A convention, he said, is different from the recent street protests that have brought thousands of people together in the city. “Nobody is making and serving them dinner. Nobody is making up their beds and cleaning their rooms,” he said of those who attended protests. “When you go marching and protesting, you are assuming that responsibility yourself. But when you are in an indoor event, like a conference, it requires ancillary support, so you are involuntarily including other people in order to facilitate that event.”
Last week, the state party’s executive board voted to go ahead with the event rather than hold it virtually, as the state’s Democratic Party planned to do.
Their decision, in a vote of 40 to 20, came hours after the governor ordered all Texans to wear masks, with few exceptions, when in public. Some older Republicans had expressed fears of being exposed to the virus at the convention but others insisted that forging ahead with the Houston meeting reaffirmed the party’s embrace of courage and individual freedoms.
James Dickey, the chairman of the Republican Party of Texas, said the party was looking into legal action. “We made every effort to conduct our convention in a safe manner,” he said in a statement, accusing Mr. Turner of waiting to cancel the event until days before it started “to inflict the greatest disruption.”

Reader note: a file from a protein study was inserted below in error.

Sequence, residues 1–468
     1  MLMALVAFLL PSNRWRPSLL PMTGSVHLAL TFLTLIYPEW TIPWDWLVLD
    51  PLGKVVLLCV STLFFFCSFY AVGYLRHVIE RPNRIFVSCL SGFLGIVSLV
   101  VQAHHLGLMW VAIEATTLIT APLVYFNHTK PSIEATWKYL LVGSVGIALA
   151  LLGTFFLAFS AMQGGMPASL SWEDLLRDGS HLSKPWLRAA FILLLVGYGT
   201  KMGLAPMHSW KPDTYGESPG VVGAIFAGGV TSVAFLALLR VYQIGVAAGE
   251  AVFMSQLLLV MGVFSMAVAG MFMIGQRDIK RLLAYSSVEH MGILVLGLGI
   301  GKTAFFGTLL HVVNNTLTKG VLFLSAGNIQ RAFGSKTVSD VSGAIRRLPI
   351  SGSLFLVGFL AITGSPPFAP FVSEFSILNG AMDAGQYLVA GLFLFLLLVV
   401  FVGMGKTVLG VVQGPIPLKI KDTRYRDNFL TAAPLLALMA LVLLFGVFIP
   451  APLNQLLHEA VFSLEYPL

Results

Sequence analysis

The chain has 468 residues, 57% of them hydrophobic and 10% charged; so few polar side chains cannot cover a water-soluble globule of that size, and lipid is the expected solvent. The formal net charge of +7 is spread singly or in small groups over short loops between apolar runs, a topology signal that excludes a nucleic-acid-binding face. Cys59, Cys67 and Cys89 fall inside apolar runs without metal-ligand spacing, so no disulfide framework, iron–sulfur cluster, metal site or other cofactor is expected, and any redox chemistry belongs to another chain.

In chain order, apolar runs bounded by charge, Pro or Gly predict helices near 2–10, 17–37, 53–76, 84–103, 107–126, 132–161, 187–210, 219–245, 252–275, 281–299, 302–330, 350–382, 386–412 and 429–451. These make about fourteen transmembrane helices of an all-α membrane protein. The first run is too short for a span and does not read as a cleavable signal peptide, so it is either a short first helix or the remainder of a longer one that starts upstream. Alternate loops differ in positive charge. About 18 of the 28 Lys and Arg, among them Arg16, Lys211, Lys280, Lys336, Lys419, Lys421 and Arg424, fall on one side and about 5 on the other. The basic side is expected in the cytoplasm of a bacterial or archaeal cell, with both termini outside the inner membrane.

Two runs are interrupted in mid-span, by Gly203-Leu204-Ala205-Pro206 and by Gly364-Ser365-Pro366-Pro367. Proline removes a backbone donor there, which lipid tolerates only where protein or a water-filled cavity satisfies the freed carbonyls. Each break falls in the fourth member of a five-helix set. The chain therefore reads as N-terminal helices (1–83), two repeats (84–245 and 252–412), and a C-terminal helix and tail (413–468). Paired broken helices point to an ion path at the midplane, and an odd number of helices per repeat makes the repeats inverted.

At the same time, many of the elected officials who were scheduled to appear at the event, in the George R. Brown Convention Center, had already said that they would speak by video instead. That included Governor Abbott and the lieutenant governor, Dan Patrick, a favorite of conservative party members.
“All the elected officials are switching from a live, in-person speech to videos,” Kyle Whatley, the party’s executive director, said during a town hall livestreamed on Tuesday night and reported by The Texas Tribune.
A spokesman for Mr. Abbott did not immediately reply to a request for comment.
State Democrats were happy to cheer Mr. Turner’s move on the convention. “Republicans are lucky that Democratic and city leaders were willing to do the right thing,” the party’s chairman, Gilberto Hinojosa, said in a statement.